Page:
History of the revolution in Texas, particularly of the war of 1835 & '36; together with the latest geographical, topographical, and statistical accounts of the country, from the most authentic sources. Also, an appendix. By the Rev. C. Newell. Page: 54 of 227
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IIISTORY OF THE
The Texan land-speculators made their way home in
all haste. They proclaimed war, separation, and independence.
The people of Texas, alarmed at the encroachments of
the General, and the illegal acts of the State Government,
were thrown into a most lamentable state of uncertainty,
excitement, and disorder. The war party,
newly combined, excited and strengthened, resorted to
arms, and raised, on the 16th of August, 1835, the first
standard on the plains of San Jacinto, where the conflict
with Mexico, now to begin, was destined to end. From
thence they marched to Anahuac, and took forcible redress
of grievances there in relation to the customs.
The peace party was also up and organized, and resorted
to committees, and circulars, and addresses, to
allay the stormh. Vain attempt! as well oppose straws
to the whirlwind. They were yet, however, a large
as well as respectable party; and by means of their Po.
litical Chief, they addressed the people, deprecating
the late acts as uncalled for, and lamenting that the
interests of a majority of a people, disposed to peace,
should be hazarded by the rashness of a few; representing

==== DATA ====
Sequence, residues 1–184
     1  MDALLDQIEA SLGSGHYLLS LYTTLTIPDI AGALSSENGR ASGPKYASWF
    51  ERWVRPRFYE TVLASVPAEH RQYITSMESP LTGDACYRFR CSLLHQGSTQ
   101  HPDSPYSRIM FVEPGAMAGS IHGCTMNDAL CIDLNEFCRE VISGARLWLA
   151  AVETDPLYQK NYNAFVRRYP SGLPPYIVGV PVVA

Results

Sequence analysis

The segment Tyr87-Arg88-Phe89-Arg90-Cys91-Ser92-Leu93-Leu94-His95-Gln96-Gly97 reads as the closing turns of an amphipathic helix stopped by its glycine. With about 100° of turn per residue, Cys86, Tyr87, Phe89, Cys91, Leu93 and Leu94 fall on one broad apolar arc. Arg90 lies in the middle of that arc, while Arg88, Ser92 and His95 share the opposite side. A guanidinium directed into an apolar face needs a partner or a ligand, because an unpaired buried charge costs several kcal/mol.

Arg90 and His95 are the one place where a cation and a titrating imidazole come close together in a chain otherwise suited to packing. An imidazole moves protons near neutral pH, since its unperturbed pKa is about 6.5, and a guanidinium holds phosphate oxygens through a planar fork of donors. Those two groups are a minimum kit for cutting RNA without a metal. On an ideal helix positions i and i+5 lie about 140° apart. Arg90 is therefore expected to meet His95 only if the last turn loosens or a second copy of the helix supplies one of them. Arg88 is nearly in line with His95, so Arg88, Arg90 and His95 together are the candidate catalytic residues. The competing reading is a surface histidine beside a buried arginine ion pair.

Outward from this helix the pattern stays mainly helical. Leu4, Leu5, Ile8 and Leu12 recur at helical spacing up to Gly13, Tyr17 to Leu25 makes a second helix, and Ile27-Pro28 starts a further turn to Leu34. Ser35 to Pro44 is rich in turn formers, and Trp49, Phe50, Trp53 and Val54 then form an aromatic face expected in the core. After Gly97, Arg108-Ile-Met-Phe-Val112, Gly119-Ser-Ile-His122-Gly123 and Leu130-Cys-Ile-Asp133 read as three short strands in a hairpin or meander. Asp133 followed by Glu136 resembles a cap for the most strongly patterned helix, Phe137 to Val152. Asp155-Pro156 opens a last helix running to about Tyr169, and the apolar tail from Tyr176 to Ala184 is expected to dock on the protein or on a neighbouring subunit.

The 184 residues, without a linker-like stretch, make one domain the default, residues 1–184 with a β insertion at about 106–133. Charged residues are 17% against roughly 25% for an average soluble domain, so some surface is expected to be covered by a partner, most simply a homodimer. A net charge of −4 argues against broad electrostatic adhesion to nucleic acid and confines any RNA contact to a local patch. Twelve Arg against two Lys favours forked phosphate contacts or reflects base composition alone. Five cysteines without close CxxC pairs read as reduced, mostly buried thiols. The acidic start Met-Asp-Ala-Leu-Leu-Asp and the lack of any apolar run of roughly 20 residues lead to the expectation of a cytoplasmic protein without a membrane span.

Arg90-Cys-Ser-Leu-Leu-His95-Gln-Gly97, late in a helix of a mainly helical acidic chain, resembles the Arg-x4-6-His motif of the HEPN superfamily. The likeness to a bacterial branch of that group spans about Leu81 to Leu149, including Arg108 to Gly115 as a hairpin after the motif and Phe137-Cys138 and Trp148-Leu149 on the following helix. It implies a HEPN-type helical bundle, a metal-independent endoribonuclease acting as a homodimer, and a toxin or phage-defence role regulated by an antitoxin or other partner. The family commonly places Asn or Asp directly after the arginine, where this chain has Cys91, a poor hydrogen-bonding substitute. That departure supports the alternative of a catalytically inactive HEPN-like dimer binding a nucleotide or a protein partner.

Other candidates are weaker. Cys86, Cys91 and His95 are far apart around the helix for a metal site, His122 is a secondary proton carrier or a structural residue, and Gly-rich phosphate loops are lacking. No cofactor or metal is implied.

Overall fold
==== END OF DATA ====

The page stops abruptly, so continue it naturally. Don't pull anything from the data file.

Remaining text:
that official communications just received from
Gen. Cos, as also from the Political Chief at Bexar,
breathed nothing but peace and harmony; assuring the
Colonists that "they had nothing to fear;" and that
"the authorities of Mexico had never thought of trampling
on the rights lawfully acquired by the settlers,
who ought not to doubt the Supreme Government would
attend to their representations, and omit no means for
promoting the welfare of all the inhabitants of the Republic
;" representing, also, that there was now a rea.
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Newell, Chester. History of the revolution in Texas, particularly of the war of 1835 & '36; together with the latest geographical, topographical, and statistical accounts of the country, from the most authentic sources. Also, an appendix. By the Rev. C. Newell., book, 1838; New York. (texashistory.unt.edu/ark:/67531/metapth6109/m1/54/: accessed June 24, 2017), University of North Texas Libraries, The Portal to Texas History, texashistory.unt.edu; .